Ronald van der Meijs is a Dutch artist working with physical objects and sound from an architectural perspective. We saw one of his works, If I Should Live in the Past, I Wouldn’t Need a Memory last week.
One of his latest works, Parthenocarp, is a big string instrument slowly transforming it’s sound as the connected cucumber plants grow. The growth of the vegetable plays the instrument.
As I was very intrigued by most of his works I’ve seen, I’m glad to have him on the Five Sound Question series!
Also check out an exhibition with six of his solo works from 2nd of December 2014 until 28th of February 2015 in Assen, the Netherlands.
1. What sound from your childhood made the most impression on you?
It was in an early stage, still in my childhood that my own voice started to get darker and lower already, while my friends still had a high-pitched voice.
I was intrigued by the resonance in my chest. When I set on a wooden bench and made my voice real low the wood of the bench started to vibrate. Also when I was picking up the phone a lot of people thought it was my dad. They started to talk to me if it were my dad they were talking to. I was still very shy, so it was hard for me to interrupt them and tell them they were not talking to the old man himself but to his son.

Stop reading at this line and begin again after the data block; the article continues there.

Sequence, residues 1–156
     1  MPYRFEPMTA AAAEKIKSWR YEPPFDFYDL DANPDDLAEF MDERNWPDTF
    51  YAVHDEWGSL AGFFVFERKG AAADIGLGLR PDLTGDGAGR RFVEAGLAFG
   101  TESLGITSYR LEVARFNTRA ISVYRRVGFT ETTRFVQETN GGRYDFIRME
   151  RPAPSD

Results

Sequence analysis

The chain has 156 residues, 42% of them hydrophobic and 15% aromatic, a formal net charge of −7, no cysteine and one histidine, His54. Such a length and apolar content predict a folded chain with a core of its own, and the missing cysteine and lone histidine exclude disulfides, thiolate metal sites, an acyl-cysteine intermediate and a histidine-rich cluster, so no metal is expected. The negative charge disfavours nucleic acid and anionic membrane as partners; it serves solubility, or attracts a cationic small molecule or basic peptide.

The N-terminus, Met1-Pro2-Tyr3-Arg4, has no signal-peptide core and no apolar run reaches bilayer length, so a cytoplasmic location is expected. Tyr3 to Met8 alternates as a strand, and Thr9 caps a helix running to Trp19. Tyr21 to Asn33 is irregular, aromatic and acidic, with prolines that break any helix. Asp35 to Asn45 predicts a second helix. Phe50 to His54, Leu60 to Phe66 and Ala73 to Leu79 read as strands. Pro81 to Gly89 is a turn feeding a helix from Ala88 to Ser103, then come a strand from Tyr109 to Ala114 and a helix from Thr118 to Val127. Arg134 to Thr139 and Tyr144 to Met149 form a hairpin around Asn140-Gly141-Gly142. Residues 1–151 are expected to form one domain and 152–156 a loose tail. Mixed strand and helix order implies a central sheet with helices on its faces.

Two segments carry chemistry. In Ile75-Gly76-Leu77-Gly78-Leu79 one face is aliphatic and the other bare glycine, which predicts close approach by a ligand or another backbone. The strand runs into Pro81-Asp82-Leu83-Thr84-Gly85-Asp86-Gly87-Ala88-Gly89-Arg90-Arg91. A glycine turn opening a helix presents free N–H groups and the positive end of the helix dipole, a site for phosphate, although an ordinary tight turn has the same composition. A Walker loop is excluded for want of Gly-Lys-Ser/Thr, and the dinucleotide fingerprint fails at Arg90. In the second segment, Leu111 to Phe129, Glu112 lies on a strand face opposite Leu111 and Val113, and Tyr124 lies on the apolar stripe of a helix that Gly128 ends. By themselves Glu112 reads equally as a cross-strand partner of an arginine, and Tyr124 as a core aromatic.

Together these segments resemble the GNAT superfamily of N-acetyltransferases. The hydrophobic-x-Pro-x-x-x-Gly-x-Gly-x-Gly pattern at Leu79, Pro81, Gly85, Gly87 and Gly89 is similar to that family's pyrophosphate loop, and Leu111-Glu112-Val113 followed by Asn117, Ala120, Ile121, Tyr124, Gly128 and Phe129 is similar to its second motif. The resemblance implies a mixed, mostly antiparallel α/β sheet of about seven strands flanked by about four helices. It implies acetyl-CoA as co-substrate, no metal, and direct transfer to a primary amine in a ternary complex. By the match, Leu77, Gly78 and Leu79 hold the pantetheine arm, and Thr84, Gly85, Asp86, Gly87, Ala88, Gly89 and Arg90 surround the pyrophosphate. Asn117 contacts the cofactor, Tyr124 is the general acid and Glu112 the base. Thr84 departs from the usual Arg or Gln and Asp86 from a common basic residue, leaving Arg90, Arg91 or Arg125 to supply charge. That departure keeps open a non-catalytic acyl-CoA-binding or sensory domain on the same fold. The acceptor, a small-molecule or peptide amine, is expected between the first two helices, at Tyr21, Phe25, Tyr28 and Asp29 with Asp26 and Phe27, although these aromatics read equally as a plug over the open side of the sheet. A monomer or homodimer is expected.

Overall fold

2. How do you listen to the world around you?
With an open mind and real ‘open’ ears for details. I noticed many people don’t hear the details. But of course it has my attention because of my work. I relate to it. And I’m always looking for special sounds that have an appealing quality.
3. Which place in the world do you favor for its sound?
None in particular. Every place in the world has its own qualities and specific sounds that can be interesting. For example when you go to India there is that typical ‘blow horn’ sound of every car on the street.
While on the streets in cities there is always a lot of background noise, empty buildings can be very nice because of it’s heating system and some hissing airco sounds. It’s like the organs of a building. Although I have to say in nature, sounds can be very clear and thus more interesting.
The most striking sounds I’ve heard were on a glacier in Iceland. Complete silence except from the cracking and echoing sound of moving, grinding ice masses. To hear this in such a hostile and out of space environment is really thrilling.
4. How could we make sound improve our lives?
By listening to it more, and having more patience in life. Standing still for a moment and really listening to the environment. For example when people go for a walk in nature, they’re always chatting with each other, and looking down instead of being quiet and listening to the surrounding nature and the wind blowing true the treetops. It has a real nice peaceful and relaxing quality to it. To enjoy it you need to be quieter yourself.
5. What sound would you like to wake up to?
I think with tropical bird sounds, crickets or Gibbon monkeys in a tropical forest and the sound of croaking frogs in a rice field at night. Not four or ten, but thousands of them at once. I simply love nature.